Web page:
SIMPLE BUT TASTY Hake is a perfect fish for simple but tasty dishes.
What is the most important thing when cooking fish? Is it to fry it correctly, achieve the right temperature, use the correct oil? Is it to learn about roasting fish in the oven with vegetables, is it broiling it, skinning it, filleting it, having the right sized pot?
No. The most important thing is to remember to KISS (Keep It Simple Silly).
Focus on the condition and quality of the fish. Is the fish fresh? Is it flesh firm? Does it smell clean? Once you have a good raw material, fresh fish in this case, any dish becomes doable and achievable. Whereas, if your fish is not fresh, you tend to be on a losing wicket from the get go. Fish with lighter flesh tends to break-up and crumble when cooked with techniques used for cooking firmer fleshed fish. One does not cook Monkfish in the same way one cooks Plaice!
All these points remain common sense yet I know how all of our minds work. We tend to over-fuss and maybe worry too much, ending up making complicated messes. It’s ok, I do it regularly. Stick to the principle of working with a good, natural raw material, and think simply about the taste and flavour combination, along with texture and tactile combinations. Lastly, always imagine how something will look on the finished plate.
Here is a fish recipe I have used regularly and it tends not to let me down. Simple is best.
Hake, Tomato, Caper, Olive style
I first tried this fish dish in Mexico. It is fairly fresh, simple, and effective, so I adopted it!
Veracruz style is anything cooked with a simple tomato sauce with capers and olives - surprisingly for a Mexican dish there is no chilli.
You fry up some onions with garlic, tomatoes and herbs in a process of stages. Cook one side of the fish fillets, and lay the fish over a bubbling pan to cook together for about ten minutes. It’s about building simple flavours and getting the cooking time right with the textures of each ingredient.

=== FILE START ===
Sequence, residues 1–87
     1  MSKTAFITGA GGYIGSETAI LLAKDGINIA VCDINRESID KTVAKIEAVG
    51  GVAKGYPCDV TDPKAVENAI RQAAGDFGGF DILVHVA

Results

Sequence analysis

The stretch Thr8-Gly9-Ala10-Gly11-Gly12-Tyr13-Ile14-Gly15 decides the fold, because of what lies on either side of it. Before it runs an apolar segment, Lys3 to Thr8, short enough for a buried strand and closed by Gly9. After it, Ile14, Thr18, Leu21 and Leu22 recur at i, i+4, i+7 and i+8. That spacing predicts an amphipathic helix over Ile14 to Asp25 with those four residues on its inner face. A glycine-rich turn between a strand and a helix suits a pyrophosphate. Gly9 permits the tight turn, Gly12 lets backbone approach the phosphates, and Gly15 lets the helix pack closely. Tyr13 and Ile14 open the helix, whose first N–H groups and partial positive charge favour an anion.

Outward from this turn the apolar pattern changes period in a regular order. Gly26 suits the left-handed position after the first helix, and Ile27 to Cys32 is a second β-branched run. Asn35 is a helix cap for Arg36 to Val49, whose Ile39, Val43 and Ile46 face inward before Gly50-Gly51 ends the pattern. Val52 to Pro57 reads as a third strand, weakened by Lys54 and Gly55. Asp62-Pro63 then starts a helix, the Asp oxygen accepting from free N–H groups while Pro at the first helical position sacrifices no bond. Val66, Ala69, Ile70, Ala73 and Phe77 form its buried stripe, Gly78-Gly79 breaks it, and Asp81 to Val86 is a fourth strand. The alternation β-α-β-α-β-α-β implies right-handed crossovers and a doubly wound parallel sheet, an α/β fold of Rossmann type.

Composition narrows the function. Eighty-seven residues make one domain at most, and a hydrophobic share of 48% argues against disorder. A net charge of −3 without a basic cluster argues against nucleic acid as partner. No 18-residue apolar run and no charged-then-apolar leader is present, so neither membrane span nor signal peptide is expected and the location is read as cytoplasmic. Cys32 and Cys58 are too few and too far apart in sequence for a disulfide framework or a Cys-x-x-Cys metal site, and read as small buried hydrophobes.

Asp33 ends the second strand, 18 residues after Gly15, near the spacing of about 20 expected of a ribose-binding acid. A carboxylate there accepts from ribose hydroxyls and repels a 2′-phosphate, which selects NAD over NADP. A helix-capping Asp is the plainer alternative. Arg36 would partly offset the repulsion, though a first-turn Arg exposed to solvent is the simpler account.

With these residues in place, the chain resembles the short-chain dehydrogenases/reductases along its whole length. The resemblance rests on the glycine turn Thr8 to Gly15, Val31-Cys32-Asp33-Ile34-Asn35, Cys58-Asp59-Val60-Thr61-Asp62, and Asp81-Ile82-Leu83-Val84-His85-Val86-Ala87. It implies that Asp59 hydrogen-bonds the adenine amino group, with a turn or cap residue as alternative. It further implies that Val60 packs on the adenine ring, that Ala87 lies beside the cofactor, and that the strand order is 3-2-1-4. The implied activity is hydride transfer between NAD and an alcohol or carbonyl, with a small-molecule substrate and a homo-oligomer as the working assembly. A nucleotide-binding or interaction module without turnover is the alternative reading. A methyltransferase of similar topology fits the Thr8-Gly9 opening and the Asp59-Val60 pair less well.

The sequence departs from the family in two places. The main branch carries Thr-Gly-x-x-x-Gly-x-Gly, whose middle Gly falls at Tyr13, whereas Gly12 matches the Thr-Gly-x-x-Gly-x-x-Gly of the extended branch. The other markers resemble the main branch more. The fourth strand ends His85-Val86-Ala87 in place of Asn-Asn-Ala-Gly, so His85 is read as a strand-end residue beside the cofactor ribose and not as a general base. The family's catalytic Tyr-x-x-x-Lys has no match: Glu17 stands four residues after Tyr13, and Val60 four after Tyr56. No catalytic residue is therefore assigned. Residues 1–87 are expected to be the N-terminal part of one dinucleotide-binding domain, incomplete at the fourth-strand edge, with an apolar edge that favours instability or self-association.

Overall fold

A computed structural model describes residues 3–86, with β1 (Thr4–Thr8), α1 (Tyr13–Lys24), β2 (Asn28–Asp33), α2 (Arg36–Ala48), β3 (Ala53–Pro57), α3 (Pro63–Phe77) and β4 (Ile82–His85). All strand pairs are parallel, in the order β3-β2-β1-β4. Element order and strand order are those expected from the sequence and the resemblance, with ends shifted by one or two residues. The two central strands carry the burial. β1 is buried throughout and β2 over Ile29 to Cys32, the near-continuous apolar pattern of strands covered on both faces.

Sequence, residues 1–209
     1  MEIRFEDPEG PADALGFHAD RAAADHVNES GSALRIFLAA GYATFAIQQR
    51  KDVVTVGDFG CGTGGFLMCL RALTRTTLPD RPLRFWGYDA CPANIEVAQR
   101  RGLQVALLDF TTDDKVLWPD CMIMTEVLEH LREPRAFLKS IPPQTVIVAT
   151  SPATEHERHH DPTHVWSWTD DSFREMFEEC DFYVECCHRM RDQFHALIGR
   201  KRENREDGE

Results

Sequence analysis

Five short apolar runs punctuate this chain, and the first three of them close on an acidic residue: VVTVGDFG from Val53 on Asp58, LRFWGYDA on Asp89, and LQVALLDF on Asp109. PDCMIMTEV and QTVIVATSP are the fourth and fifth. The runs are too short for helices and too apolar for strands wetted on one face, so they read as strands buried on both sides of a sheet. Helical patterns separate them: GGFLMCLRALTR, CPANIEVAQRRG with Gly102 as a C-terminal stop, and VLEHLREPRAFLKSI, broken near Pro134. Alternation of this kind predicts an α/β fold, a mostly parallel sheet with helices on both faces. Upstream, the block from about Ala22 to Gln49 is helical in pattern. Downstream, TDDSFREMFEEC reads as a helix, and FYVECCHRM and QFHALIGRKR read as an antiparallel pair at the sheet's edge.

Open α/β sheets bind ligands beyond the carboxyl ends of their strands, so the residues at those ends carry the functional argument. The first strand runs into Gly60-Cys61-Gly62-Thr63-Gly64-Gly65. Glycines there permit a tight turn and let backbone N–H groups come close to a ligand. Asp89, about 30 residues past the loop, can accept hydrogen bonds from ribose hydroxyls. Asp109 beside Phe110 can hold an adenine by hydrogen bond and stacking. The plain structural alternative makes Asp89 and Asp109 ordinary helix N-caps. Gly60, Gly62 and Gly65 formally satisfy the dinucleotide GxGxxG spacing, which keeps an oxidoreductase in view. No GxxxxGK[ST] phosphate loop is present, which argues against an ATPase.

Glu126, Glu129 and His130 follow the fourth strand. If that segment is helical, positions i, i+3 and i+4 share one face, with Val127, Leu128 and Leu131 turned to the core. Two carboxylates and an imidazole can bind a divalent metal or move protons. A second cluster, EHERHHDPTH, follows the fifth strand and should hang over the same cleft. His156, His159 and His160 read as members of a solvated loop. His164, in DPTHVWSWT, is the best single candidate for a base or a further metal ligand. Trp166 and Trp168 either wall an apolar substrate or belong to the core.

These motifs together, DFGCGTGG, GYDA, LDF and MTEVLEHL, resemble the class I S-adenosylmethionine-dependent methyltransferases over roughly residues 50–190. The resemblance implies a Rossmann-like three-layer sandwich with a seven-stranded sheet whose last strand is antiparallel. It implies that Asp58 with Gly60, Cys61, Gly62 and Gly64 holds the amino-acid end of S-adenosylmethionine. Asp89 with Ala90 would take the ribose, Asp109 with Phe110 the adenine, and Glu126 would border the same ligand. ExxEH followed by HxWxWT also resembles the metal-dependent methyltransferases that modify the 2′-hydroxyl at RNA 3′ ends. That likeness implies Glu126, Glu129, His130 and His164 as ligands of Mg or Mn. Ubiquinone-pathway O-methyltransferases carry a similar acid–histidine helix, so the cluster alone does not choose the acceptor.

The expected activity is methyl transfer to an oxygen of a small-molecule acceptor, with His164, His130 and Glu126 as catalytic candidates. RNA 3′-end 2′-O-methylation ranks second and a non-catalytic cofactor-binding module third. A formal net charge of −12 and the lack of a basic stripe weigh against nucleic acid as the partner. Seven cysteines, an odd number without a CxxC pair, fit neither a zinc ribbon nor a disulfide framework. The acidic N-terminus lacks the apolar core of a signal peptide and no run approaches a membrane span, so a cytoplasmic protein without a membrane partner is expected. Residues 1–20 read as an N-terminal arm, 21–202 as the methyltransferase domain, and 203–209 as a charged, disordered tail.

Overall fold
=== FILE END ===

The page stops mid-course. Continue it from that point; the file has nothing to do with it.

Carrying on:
What you need
> 4 x hake/cod fillets
> 4 x medium, ripe tomatoes washed and chopped
> 2 x medium white onions
> 4 x cloves garlic
> 1 tsp each of dried thyme, black pepper, sea salt
> 5 x bay leaf
> 30 x green olives, stones removed and chopped up;
> 12 x capers
> 1 x cup veg stock
> oil for cooking
> knob of butter
> fresh parsley chopped
What you do
Over medium heat, fry up your onions and garlic in oil for 5 mins. Add your tomatoes, pepper and salt. When this starts to bubble turn heat down and simmer for about 10-15 minutes, until the tomatoes have given off much of their water and the flavours are combining. Crush this mix a bit with a potato masher. Add in herbs, Bay leaf, olives, stock, and capers, simmer for 10 mins.
The flavours are really coming together and mingling at this stage. In a separate pan cook the fish fillets in hot oil with a knob of butter skin side, only for 4-5 minutes until browned. Then just lay the fillets skin side down on tomato mix, and cook for ten minutes, while sauce reduces a little and the fish takes on the flavour of the sauce. Serve with white rice and some chopped parsley in a nice arrangement on the plate.
> Red Cabot is interested in food, nature and small things. He sells his food at Westport Country Markets in St Anne’s Boxing Club, James’s Street car park, Westport, every Thursday, from 8am to 1pm.